Propane is one of the safest, if not the safest, fuel source to deal with. Today we are going to provide some information on what to look for and what to do when that worst case scenario comes to fruition. In the event that you would have trouble with your propane tanks we want you to be able to know what to look for and what to do.
Your biggest concern is probably what to do if you think you have a leak. There’s an easy way to tell. Propane in a gaseous form has the strong odor of rotten eggs. If you smell that, immediately extinguish all flames and avoid using electrical switches or appliances until the situation is resolved. Propane is heavier than air so it will go as low as it can in a home. Make sure you extinguish your furnace’s pilot light in the basement but avoid going into your basement if you suspect a leak. Last, and perhaps you should do this first if you suspect a leak, is to contact a qualified technician and your local fire department and don’t return to the area until they say it is safe to do so.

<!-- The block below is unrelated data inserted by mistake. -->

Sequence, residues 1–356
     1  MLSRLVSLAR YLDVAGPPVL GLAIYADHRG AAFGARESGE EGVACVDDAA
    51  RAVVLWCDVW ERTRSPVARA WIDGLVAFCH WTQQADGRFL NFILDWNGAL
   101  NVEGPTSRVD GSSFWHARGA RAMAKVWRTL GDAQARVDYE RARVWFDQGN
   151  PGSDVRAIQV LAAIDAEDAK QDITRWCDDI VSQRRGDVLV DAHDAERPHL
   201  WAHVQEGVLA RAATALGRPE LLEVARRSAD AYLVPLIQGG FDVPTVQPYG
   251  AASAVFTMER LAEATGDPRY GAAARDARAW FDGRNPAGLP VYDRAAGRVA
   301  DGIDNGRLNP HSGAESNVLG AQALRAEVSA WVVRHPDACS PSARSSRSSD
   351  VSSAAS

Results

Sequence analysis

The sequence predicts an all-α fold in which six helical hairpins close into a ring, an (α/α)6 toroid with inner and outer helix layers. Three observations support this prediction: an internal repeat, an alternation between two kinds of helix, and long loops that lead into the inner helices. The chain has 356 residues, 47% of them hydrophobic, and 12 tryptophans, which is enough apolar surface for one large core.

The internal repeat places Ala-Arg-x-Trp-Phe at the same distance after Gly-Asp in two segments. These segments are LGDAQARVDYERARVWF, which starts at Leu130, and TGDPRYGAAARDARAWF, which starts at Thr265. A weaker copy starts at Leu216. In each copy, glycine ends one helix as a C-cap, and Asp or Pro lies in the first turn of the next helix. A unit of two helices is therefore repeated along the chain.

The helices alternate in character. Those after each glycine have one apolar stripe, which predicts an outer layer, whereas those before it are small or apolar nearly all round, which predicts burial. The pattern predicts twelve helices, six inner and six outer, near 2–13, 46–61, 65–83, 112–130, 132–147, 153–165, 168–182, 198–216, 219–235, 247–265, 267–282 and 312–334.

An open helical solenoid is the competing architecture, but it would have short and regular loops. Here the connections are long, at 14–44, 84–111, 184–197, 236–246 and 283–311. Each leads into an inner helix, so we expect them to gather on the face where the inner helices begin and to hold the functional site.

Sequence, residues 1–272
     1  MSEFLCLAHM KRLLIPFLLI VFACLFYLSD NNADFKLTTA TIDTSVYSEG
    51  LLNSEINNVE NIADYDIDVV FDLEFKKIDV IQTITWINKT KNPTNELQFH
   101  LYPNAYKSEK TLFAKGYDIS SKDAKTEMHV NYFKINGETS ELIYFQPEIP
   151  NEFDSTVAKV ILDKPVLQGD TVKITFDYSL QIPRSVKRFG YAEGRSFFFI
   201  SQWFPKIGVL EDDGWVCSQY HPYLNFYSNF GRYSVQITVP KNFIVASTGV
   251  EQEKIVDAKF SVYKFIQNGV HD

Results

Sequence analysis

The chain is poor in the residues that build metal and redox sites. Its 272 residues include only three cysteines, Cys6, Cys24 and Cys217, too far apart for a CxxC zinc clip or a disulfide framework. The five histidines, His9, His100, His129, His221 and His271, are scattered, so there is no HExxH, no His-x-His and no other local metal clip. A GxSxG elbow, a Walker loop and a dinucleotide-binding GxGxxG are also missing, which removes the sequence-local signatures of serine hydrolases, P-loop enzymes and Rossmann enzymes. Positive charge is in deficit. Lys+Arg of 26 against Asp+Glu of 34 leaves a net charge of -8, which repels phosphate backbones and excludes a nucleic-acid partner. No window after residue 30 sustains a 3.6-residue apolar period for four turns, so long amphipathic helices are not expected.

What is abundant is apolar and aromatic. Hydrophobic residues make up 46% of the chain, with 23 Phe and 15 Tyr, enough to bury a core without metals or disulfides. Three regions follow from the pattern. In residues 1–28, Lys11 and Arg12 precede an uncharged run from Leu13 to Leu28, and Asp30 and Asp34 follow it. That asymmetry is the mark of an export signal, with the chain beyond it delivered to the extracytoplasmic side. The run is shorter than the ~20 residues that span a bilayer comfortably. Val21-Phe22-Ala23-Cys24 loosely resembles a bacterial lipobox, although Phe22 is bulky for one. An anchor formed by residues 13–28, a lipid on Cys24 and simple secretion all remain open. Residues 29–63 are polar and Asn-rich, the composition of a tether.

While ventilation will not do much to dissipate a leak it can save your life. Carbon monoxide poisoning can result from leaks. Some of the symptoms are headaches, dizziness, loss of muscular control, vomiting, and the watering of the eyes. If you experience any of those symptoms get outside and if you haven’t already contact a qualified technician.
If you ever wonder if you have a leak propane leak monitors are available at your local hardware store as well as carbon monoxide detectors. Another way to tell if there is a blockage is on your range stove. The flames should normally be blue but when there is a blockage they will turn yellow. Also, if you have a propane furnace, make sure it is cleaned regularly.
If you have a question or concern, when in doubt contact a qualified technician to come out to your home or business and look it over. While some of what is highlighted is rare and the worst case scenario it is worth having in the back of your head. When it doubt, err on the side of caution.